Thermoforming is an all-inclusive manufacturing process that embraces all the different ways manufacturers may choose to form heated sheets of plastic. A manufacturer which chooses the vacuum forming process or pressure forming process is taking advantage of thermoforming.
Although a variety of processes exist, the most popular thermoforming techniques are the following:
Vacuum Forming: This thermoforming process makes use of a vacuum to shape the sheet. First, the plastic sheet is heated to ensure it is flexible. The vacuum forming machine then pulls the air out, forcing the sheet against a mold. The vacuum process is known for its cost-effectiveness and the speed of the manufacturing process.
Pressure Forming: The pressure forming process similarly involves the heating of the plastic sheet and utilizing a vacuum to pull air away to force the sheet against a mold. But there’s an extra step. A pressing tool applies pressure once the air is removed to ensure the shaped plastic better maintains its final shape. Pressure forming is used when higher levels of details are required from the thermoforming process.
Mechanical Forming: This process involves the use of a direct mechanical force to shape the preheated plastic sheet. A core plug forces the pliable sheet to fill a space between the plug and the mold, and this imprints the surface patterns onto the plastic sheet. Mechanical thermoforming is used when precision and high levels of detail are required.
Drape Forming: In drape forming, the heated plastic sheet is draped onto a mandrel designed with specific patterns. The mandrel’s pattern is pressed onto the plastic sheet to form the finished part. The drape forming process is one of the most-affordable thermoforming techniques because limited tooling is required. As the thickness of the material can be maintained, the process doesn’t result in weaknesses in the parts.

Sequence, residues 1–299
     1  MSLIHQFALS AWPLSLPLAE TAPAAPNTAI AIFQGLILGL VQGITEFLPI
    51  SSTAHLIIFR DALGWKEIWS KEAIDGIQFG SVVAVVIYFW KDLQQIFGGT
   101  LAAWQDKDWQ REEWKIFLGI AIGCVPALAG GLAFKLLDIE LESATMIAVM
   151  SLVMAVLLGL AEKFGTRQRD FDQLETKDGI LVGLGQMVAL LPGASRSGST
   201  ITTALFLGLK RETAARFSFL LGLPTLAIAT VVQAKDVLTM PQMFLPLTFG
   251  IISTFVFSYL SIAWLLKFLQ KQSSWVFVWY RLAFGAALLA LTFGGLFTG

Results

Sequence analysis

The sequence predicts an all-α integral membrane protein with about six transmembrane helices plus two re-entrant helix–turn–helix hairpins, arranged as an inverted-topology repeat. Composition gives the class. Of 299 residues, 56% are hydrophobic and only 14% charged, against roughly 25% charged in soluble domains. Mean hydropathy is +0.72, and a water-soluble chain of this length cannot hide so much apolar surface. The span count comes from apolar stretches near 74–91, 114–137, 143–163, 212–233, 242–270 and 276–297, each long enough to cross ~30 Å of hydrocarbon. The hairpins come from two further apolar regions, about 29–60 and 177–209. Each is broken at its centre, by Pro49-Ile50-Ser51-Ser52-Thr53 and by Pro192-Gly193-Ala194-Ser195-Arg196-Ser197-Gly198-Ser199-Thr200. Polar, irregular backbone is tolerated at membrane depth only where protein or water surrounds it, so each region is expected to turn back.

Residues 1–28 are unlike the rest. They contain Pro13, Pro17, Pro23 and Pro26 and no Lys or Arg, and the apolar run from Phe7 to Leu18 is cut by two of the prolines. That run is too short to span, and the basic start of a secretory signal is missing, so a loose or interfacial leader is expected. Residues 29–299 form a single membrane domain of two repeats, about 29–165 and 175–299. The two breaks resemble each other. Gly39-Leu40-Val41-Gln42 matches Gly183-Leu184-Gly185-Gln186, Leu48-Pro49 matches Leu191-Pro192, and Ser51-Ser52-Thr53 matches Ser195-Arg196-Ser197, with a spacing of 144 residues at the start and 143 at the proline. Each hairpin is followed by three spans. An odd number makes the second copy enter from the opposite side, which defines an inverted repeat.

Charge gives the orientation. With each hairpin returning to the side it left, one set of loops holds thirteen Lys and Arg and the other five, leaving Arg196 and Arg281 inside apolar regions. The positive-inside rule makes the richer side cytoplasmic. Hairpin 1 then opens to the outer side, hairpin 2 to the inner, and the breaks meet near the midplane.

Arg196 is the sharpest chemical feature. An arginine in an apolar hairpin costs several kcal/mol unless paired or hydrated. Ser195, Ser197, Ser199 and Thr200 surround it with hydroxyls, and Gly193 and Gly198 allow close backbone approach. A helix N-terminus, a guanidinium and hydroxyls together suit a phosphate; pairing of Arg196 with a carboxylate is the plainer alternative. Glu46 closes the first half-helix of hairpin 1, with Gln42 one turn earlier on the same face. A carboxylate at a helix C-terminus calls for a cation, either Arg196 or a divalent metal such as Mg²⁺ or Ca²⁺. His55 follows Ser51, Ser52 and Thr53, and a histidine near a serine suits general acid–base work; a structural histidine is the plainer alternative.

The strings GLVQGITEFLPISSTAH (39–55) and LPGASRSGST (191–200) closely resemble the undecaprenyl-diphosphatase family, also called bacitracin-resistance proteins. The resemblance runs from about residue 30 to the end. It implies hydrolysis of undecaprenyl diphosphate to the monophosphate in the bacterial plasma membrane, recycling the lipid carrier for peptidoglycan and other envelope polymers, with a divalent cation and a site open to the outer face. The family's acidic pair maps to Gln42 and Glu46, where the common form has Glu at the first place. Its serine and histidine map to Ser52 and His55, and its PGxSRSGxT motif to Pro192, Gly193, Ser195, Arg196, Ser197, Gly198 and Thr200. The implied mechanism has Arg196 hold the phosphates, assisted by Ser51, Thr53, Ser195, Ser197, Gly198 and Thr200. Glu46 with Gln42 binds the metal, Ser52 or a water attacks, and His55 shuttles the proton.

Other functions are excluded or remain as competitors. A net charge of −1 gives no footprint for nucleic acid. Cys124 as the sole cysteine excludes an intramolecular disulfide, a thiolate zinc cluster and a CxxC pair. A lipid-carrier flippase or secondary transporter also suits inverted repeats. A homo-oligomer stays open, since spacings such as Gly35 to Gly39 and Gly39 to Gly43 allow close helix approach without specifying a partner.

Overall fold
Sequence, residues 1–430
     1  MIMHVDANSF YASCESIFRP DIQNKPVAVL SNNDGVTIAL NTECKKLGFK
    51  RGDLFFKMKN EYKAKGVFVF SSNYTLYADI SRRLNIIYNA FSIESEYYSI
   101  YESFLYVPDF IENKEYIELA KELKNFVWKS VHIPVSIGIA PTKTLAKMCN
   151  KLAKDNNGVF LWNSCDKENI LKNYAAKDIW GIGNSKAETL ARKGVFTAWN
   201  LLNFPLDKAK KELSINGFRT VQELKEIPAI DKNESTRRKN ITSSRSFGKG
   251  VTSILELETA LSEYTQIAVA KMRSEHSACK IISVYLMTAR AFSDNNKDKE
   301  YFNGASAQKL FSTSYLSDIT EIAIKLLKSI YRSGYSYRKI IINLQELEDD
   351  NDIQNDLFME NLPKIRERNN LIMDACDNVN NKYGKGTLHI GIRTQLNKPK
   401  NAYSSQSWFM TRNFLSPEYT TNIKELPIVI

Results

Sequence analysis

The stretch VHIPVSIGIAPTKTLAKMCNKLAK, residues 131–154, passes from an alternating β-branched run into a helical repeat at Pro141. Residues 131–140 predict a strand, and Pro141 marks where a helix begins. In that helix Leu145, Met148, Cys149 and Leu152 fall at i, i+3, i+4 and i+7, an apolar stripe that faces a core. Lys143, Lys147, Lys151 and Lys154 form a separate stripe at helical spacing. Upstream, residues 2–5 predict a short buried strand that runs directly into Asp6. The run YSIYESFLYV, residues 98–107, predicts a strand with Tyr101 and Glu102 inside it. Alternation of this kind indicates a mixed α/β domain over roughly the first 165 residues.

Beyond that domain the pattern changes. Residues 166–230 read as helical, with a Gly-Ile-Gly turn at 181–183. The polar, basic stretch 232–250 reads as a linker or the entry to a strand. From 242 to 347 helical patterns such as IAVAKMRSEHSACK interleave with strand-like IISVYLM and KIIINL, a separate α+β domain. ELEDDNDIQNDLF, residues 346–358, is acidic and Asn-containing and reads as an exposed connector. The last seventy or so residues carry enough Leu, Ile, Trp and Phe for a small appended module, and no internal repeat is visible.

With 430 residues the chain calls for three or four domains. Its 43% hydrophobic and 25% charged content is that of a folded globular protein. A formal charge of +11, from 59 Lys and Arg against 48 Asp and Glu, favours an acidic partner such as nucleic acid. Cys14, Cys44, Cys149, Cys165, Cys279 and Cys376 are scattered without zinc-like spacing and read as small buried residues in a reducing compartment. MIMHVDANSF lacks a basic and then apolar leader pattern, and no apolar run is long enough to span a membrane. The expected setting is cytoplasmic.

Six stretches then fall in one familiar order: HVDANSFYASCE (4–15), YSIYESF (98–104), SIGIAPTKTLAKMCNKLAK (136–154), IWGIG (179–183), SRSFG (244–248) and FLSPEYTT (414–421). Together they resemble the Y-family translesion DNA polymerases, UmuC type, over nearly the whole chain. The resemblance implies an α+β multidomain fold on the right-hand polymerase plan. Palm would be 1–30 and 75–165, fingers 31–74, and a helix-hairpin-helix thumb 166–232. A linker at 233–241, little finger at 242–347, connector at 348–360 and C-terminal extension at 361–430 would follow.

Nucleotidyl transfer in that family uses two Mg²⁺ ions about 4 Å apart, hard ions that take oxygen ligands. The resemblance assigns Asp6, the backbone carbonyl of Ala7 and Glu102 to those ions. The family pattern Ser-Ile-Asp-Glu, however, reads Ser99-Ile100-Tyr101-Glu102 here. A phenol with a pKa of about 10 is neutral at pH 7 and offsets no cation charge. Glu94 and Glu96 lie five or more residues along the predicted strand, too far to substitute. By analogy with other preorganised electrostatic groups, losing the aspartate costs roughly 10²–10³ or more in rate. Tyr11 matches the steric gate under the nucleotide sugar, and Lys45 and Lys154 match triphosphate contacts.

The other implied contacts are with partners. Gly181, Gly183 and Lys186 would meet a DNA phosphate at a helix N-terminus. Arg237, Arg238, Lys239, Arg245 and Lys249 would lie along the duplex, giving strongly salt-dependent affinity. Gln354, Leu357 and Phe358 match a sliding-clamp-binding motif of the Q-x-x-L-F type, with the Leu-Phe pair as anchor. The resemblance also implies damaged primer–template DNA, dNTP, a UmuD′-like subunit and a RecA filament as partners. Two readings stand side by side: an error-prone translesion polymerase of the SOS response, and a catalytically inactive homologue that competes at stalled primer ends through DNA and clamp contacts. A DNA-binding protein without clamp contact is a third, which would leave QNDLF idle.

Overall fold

Matched Mold Forming: This thermoforming process is applied when manufacturing items that require higher levels of accuracy. The matched mold forming process involves the use of a male and female mold to shape the heated plastic sheet. The forming machine applies force to bring the molds together onto the plastic sheet. The sheet then takes the pattern or shape designed into the two molds.
Twin Sheet Forming: This process involves the forming of two layers and combining them to form one item. The plastic sheets are heated simultaneously, formed, and joined together to produce an item. The twin sheet forming process is best used to manufacture hollowed items or items with double walls.
Billow Forming: The billow forming process is a free-form thermoforming technique that does not rely on molds to shape the heated plastic. Here, the forming machine uses air jets to blast the plastic into a bubble until the final design is formed.